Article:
Then, the whole theme of the conference we attended was about being a servant leader, and how our lives are truly found when we give them up for His sake and for His purposes. One of the scripture passages mentioned repeatedly by the different speakers was Philippians 2:3-8:
Do nothing out of selfish ambition or vain conceit, but in humility consider others better than yourselves. Each of you should look not only to your own interests, but also to the interests of others. Your attitude should be the same as that of Christ Jesus: Who, being in very nature God, did not consider equality with God something to be grasped, but made Himself nothing, taking the very nature of a servant, being made in human likeness. And being found in appearance as a man, He humbled Himself and became obedient to death, even death on a cross!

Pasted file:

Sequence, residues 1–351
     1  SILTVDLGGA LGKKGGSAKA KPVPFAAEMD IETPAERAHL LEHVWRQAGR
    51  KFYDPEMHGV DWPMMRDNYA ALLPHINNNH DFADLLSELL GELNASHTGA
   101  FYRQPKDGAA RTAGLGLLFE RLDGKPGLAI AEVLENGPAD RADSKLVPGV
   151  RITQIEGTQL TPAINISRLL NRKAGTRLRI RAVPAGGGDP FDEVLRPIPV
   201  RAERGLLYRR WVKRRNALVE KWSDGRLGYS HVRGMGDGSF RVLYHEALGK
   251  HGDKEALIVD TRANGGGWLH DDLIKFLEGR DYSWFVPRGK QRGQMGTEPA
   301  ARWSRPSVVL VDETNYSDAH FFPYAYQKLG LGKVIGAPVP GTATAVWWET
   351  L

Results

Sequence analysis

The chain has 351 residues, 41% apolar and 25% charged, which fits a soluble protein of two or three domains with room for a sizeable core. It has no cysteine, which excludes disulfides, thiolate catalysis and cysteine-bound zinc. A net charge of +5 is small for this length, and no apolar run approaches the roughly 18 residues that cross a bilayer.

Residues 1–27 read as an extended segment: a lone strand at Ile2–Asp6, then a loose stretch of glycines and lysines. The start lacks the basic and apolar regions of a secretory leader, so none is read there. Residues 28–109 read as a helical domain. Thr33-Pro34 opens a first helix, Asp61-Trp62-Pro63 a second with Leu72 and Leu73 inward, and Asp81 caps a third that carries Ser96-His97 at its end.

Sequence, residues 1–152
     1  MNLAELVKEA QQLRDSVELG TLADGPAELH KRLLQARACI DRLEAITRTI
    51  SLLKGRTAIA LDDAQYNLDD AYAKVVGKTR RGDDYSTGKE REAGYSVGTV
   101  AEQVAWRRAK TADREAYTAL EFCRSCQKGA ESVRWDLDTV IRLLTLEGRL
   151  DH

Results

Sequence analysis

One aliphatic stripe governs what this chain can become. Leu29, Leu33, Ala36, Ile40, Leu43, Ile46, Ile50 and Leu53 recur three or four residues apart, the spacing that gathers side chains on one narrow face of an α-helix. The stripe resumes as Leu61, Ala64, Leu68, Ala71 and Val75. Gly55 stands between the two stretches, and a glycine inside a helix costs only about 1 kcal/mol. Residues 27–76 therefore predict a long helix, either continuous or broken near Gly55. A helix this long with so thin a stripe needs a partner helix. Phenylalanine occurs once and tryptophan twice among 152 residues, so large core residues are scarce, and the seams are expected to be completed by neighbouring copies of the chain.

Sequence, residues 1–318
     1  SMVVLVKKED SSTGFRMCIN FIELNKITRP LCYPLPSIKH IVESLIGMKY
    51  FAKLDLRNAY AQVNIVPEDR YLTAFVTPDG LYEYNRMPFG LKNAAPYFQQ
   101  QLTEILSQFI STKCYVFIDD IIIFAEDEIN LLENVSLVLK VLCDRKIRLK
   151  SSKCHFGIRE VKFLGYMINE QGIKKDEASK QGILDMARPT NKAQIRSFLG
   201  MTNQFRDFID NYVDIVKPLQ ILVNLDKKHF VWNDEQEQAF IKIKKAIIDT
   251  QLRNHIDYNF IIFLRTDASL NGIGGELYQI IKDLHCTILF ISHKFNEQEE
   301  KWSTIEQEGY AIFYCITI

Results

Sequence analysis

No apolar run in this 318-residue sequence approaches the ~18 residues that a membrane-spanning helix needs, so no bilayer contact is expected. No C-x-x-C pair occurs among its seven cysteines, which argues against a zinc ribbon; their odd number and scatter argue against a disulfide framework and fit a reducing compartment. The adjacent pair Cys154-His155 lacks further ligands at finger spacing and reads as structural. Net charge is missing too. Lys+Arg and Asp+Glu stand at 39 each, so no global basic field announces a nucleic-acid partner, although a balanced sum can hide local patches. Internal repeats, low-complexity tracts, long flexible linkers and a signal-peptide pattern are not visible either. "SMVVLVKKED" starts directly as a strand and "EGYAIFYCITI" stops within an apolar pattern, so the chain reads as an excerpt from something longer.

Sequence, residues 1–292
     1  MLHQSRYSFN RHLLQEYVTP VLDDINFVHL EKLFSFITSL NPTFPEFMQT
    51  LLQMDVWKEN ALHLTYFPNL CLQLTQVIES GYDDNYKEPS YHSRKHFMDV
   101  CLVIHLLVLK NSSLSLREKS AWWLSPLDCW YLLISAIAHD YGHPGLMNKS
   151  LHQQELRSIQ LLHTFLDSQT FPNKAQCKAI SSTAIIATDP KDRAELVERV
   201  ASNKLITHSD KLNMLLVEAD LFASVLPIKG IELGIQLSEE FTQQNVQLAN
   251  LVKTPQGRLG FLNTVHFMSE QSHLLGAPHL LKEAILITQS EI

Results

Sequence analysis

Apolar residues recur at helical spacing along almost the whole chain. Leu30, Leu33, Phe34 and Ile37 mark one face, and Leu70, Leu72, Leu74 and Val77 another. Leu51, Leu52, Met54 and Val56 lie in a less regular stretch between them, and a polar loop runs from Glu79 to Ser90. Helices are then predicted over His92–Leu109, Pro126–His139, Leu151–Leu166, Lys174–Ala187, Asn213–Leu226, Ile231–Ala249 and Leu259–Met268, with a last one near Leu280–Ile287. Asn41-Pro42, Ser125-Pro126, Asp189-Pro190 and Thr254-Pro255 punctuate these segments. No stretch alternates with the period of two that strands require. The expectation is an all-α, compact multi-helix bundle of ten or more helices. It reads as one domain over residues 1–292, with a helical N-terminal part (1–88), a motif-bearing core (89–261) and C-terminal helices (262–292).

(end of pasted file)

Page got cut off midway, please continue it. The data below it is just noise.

This is absolutely impossible to do without God. It’s absolutely impossible to even want to do without God. But with God, all things are possible. As I pondered my struggles of the last year, I could see that most of them were rooted in pride and selfishness.
I’ve read these verses from Philippians countless times. But at the CBS retreat God quickened them to me and I knew He was asking me to take them to heart, and begin to serve my husband differently. He was asking this because He so dearly loves Michael, and He so dearly loves me. He only asks of us what will be best for us.
Michael’s presence is enough. His presence is a blessing, a gift to me from my heavenly Father. And as I sat there and drank in what the Lord was pressing on my heart, I knew that with God’s supernatural equipping, I could go home and begin to make my husband’s life heaven on earth.